By Amanda McHenry
This week’s National Fire Fighter Near-Miss Reporting System highlighted report details an apparatus rollover:
“Tanker/Tender driver was responding to a structure fire and came upon a curve in the road. He slowed down but the back wheels of the tandems went off the pavement and started digging into the soft dirt. The apparatus then rolled over 3-4 times. Driver did have on a seat belt per our SOGs. Driver was not injured.”
Twelve firefighters have died this year as a result of vehicle collisions. Four of the twelve were confirmed ejected from apparatus or vehicles (Source: USFA). Tanker/Tenders lead the list in the apparatus type most involved in firefighter fatality collisions. The reporter of the above near miss rolled the tanker but is a survivor because he did…”have on a seat belt per our SOGs. Miraculously the “…Driver was not injured…” when the rig finally came to rest. That places this event in the mitigation phase of the error management model; seat belts being the last resort for survivability if errors are not trapped or avoided. Additional attention needs to be placed on the driving and handling of the tanker/tender itself due to its heavy weight, narrow roads traveled and high center of gravity. The message is clear: seat belts save lives, but keeping the rig from rolling over in the first place is the higher priority. Consider the following:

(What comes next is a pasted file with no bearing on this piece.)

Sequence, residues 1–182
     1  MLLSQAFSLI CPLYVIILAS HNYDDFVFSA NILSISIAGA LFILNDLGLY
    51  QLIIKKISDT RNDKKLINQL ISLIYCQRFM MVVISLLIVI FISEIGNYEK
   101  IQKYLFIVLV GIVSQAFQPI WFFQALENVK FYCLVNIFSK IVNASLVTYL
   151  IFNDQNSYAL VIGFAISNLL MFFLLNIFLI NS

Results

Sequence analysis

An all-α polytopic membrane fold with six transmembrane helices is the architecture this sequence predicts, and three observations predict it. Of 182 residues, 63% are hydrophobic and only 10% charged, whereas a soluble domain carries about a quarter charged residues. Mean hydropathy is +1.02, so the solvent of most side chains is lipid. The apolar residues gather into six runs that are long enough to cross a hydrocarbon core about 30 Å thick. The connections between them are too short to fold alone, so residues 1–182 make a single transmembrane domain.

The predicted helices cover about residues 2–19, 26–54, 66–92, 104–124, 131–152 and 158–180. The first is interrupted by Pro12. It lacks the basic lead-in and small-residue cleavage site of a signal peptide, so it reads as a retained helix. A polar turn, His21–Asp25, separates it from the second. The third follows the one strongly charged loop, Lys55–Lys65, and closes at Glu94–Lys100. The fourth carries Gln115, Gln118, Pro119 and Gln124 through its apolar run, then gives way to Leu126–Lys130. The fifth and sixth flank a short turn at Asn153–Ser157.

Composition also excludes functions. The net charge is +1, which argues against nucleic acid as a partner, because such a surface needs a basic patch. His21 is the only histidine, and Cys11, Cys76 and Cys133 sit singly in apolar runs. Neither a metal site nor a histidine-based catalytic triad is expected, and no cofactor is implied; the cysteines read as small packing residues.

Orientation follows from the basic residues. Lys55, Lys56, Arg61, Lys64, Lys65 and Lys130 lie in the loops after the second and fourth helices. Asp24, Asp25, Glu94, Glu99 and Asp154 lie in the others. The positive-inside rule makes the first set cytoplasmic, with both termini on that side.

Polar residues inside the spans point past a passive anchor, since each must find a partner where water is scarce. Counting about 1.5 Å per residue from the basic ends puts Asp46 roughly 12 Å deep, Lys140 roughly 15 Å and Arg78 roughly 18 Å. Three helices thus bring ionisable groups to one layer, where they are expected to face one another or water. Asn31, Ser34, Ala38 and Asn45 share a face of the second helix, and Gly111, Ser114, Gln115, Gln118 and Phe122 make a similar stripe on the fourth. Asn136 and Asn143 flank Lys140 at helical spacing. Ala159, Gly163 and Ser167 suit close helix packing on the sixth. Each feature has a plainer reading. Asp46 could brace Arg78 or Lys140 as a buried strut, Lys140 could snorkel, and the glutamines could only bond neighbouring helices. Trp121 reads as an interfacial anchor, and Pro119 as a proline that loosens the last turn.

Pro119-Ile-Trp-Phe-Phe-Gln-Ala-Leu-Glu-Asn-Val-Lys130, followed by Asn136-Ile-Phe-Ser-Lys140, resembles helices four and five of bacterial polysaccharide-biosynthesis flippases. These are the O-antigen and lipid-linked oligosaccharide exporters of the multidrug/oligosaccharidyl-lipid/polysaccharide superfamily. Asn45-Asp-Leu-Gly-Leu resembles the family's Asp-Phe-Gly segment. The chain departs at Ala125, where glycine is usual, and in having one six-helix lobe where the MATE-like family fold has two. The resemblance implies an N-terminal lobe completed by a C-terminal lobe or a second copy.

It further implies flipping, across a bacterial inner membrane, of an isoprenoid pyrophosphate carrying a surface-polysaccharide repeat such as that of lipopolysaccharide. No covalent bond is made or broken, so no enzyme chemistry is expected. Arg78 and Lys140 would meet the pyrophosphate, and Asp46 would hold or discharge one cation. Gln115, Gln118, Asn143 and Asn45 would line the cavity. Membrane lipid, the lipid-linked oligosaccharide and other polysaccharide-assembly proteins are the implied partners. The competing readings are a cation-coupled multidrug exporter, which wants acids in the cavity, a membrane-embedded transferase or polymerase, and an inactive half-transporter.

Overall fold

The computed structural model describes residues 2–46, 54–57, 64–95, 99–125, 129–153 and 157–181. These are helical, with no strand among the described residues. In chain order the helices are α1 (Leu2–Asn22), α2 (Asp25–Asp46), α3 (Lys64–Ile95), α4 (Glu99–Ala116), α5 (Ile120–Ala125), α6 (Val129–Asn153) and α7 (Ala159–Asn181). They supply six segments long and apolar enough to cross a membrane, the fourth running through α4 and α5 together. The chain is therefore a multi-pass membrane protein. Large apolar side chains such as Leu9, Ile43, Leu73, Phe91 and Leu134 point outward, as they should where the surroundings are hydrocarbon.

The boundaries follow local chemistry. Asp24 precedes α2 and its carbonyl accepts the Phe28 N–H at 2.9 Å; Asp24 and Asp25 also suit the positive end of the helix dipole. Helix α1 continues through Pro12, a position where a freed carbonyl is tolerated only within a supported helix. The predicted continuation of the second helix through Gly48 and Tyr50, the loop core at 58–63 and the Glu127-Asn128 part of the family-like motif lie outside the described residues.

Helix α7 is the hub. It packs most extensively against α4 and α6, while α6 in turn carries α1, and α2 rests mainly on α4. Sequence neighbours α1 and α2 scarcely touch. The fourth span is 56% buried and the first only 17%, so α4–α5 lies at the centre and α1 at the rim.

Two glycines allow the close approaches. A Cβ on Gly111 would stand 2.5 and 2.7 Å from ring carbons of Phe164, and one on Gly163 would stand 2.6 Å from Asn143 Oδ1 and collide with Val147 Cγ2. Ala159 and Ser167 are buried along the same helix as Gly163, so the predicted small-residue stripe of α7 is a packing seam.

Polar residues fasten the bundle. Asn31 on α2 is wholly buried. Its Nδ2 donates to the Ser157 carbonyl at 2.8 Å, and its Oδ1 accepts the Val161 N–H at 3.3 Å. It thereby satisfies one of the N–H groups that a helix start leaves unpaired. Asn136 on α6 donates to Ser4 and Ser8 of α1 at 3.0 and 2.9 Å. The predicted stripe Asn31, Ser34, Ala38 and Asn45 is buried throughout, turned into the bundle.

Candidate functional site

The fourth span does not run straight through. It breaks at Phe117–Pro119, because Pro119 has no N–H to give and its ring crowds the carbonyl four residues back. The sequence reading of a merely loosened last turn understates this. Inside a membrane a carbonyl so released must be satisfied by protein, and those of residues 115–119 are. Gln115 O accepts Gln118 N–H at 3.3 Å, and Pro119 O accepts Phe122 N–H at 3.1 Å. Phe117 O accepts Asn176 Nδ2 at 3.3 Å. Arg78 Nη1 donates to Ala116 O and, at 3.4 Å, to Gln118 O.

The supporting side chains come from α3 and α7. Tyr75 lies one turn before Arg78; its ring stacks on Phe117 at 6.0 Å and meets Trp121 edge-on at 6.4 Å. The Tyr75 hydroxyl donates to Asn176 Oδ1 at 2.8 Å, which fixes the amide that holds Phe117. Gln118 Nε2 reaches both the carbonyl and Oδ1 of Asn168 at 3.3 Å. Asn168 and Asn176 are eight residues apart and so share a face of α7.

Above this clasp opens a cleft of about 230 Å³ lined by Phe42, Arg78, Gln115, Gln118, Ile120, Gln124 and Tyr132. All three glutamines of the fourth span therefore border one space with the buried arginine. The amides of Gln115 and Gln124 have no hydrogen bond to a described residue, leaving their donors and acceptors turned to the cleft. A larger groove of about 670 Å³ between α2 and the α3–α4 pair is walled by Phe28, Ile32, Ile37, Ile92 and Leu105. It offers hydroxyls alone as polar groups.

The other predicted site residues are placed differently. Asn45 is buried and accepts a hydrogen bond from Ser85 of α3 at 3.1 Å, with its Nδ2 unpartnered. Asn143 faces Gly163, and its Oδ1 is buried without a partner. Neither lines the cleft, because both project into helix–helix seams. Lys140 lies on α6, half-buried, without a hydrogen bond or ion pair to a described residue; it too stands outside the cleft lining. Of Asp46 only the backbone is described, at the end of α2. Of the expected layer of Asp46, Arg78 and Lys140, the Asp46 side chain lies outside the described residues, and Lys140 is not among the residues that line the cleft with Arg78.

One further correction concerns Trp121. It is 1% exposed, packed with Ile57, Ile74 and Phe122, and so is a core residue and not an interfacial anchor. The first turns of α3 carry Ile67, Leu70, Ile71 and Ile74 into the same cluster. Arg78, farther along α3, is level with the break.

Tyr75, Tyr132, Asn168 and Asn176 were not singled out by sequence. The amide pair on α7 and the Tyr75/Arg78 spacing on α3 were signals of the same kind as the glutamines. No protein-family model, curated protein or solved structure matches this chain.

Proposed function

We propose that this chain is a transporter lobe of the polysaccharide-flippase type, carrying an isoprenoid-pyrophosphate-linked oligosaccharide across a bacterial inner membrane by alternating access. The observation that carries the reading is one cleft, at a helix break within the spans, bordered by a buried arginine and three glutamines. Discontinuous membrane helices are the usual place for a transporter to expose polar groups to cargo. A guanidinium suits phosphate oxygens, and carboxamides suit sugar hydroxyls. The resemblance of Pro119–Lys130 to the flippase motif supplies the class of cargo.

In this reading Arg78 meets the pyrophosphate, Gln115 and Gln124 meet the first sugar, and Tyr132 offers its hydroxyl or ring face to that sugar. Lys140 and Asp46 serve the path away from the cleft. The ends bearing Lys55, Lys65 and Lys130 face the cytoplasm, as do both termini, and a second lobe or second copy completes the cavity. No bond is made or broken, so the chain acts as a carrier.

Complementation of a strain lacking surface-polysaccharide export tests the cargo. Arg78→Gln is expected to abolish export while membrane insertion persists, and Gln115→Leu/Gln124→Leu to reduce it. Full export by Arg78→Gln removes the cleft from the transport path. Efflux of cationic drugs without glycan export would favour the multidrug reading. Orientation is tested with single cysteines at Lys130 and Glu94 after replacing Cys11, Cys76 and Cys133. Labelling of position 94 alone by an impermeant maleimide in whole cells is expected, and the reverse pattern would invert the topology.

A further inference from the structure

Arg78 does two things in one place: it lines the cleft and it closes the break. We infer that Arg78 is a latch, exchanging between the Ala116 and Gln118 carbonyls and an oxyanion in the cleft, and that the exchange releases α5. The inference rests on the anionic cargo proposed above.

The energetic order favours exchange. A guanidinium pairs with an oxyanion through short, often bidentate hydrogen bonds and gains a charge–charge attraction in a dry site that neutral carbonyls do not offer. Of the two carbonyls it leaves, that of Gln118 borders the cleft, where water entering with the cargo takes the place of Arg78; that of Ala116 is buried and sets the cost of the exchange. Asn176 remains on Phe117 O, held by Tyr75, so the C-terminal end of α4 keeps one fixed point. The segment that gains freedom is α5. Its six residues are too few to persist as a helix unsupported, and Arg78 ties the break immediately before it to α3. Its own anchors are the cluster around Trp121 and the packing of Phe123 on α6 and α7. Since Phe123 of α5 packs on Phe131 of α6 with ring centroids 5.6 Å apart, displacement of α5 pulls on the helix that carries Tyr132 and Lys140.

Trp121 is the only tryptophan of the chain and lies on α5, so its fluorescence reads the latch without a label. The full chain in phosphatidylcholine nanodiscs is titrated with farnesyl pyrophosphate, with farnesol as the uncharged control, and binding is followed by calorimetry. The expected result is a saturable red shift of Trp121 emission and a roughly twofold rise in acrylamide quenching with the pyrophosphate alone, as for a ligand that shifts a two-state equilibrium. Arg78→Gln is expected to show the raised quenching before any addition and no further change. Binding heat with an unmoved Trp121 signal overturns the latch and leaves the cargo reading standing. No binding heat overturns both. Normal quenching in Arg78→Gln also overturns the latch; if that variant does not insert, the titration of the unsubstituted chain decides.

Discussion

1. Do you require a periodic skills assessment of your department’s tanker/tender drivers?
2. How stringent do you believe seat belt SOPs should be enforced?
3. Has your department adopted a “cold response” SOP/SOG for tanker/tender response?
4. How often is your tanker/tender inspected to DOT standards?
5. What benchmarks do you use for initial qualification of tanker/tender drivers?
Had a near miss with your tanker/tender? Submit your report to www.firefighternearmiss.com today. Favorable outcomes because of following SOPs are survivor stories we can’t ignore.
Note: The questions posed by the reviewers are designed to generate discussion and thought in the name of promoting firefighter safety. They are not intended to pass judgment on the actions and performance of individuals in the reports.